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Does an employer have to know that an employee's misconduct was due to their disability?

The case is an interesting one and a warning to employers to fully investigate all the facts before dismissing an employee. The employee was a teacher, who suffered from cystic fibrosis, which required him to exercise up to three hours a day to clear his lungs. After a new Head was appointed, his workload increased and he suffered from stress, which exacerbated his cystic fibrosis. He was dismissed for showing 15 and 16 year olds the 18 rated file Halloween.

The dismissing panel did not accept that showing the film had been a momentary error of judgment, caused by the level of stress he was under. A tribunal held that he had not been unfairly dismissed but had suffered discrimination arising from his disability. Although the medical evidence available to the employer at the time of dismissal did not suggest a link between the misconduct and his disability, medical evidence available by the time of the tribunal hearing demonstrated otherwise.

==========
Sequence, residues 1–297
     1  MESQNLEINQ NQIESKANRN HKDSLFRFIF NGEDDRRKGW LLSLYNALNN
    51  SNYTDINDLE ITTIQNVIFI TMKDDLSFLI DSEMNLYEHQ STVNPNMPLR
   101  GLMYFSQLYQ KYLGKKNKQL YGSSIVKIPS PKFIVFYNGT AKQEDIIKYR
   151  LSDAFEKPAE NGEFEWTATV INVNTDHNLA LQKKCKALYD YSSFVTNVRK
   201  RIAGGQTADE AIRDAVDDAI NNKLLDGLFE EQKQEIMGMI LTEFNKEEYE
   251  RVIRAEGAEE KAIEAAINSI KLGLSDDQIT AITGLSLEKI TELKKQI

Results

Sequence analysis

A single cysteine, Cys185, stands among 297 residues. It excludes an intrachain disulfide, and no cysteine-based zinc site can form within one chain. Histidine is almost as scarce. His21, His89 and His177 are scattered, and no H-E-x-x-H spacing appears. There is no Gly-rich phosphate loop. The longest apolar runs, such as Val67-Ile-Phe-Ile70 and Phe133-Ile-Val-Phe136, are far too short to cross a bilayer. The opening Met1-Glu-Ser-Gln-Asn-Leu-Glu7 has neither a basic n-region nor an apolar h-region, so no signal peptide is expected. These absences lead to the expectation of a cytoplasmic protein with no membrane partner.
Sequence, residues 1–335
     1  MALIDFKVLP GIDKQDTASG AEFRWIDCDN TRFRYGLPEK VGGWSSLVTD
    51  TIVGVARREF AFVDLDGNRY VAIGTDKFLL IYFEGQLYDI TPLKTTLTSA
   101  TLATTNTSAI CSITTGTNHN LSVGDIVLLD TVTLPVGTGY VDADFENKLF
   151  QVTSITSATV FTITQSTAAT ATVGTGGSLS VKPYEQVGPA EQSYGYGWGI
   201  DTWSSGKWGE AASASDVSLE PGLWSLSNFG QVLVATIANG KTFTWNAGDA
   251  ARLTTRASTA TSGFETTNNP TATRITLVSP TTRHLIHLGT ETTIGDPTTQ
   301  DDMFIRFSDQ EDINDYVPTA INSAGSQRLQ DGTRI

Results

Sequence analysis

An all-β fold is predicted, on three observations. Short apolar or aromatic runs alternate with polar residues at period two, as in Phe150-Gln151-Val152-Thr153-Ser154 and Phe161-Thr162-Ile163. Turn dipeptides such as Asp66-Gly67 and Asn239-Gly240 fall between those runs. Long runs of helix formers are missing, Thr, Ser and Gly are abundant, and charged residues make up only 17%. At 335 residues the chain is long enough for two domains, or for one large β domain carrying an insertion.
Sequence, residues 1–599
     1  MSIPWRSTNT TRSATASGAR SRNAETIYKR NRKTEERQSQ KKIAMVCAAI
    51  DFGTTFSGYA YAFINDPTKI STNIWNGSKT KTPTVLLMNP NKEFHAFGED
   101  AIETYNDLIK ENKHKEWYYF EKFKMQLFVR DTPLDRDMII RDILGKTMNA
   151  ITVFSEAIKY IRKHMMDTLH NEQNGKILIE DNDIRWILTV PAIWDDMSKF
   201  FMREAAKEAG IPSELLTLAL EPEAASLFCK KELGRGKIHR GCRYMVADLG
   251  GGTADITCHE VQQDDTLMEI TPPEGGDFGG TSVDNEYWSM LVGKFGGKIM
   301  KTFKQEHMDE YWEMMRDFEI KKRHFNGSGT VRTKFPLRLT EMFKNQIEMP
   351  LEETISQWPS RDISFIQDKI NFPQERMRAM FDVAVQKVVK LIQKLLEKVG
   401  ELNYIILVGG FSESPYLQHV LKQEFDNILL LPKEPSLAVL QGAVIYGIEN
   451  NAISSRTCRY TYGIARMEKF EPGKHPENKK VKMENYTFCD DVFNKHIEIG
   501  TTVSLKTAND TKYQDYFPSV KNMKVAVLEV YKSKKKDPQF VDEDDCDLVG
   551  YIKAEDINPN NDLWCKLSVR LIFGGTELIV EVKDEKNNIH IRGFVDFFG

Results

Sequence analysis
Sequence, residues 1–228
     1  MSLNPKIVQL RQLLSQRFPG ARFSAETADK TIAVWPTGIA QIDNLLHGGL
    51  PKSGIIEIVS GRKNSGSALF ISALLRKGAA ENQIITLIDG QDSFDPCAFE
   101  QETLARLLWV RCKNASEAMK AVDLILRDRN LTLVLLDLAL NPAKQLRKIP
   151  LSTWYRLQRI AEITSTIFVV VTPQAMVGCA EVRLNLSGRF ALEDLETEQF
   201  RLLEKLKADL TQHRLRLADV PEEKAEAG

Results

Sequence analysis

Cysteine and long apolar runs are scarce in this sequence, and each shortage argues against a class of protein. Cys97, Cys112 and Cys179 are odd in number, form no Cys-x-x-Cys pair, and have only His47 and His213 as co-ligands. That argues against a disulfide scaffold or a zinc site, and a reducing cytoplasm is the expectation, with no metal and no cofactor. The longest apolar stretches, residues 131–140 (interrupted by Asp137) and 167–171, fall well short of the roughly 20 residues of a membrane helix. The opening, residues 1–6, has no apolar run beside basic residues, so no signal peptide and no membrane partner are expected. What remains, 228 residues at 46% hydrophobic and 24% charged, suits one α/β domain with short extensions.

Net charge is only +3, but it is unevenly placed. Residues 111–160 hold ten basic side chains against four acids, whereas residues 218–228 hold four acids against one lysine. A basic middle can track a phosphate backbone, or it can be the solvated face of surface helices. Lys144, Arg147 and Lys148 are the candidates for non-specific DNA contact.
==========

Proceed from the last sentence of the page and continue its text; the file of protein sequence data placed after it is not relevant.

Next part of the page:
The Court of Appeal upheld that the employer was liable for discrimination arising from disability, even though it was not aware that the employee's actions were due to their disability, which the employer knew about.

This case demonstrates that discrimination arising from disability can occur even where an employer has reasonably concluded, based on the evidence before them, that there is no link between an employee's actions and their disability. An employer's knowledge of the causal link is not relevant. The test is an objective rather than a subjective one.

If you wish to discuss this further, please contact us.

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